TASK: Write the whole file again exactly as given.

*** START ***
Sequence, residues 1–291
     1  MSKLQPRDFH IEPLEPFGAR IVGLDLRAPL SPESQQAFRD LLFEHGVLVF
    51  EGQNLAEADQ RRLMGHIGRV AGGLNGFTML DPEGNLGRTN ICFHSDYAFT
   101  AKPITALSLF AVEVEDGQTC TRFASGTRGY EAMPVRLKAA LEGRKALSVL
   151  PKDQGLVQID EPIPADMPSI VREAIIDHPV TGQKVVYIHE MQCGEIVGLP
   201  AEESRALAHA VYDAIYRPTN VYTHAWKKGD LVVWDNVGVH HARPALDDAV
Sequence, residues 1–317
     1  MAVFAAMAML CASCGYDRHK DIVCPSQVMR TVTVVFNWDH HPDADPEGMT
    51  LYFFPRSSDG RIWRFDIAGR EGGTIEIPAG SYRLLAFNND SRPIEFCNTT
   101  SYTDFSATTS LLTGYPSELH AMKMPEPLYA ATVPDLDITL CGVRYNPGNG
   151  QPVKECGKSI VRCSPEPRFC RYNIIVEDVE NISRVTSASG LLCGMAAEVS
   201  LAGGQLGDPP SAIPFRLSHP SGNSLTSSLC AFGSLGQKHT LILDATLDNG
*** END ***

Sequence, residues 1–291
     1  MSKLQPRDFH IEPLEPFGAR IVGLDLRAPL SPESQQAFRD LLFEHGVLVF
    51  EGQNLAEADQ RRLMGHIGRV AGGLNGFTML DPEGNLGRTN ICFHSDYAFT
   101  AKPITALSLF AVEVEDGQTC TRFASGTRGY EAMPVRLKAA LEGRKALSVL
   151  PKDQGLVQID EPIPADMPSI VREAIIDHPV TGQKVVYIHE MQCGEIVGLP
   201  AEESRALAHA VYDAIYRPTN VYTHAWKKGD LVVWDNVGVH HARPALDDAV
Sequence, residues 1–317
     1  MAVFAAMAML CASCGYDRHK DIVCPSQVMR TVTVVFNWDH HPDADPEGMT
    51  LYFFPRSSDG RIWRFDIAGR EGGTIEIPAG SYRLLAFNND SRPIEFCNTT
   101  SYTDFSATTS LLTGYPSELH AMKMPEPLYA ATVPDLDITL CGVRYNPGNG
   151  QPVKECGKSI VRCSPEPRFC RYNIIVEDVE NISRVTSASG LLCGMAAEVS
   201  LAGGQLGDPP SAIPFRLSHP SGNSLTSSLC AFGSLGQKHT LILDATLDNG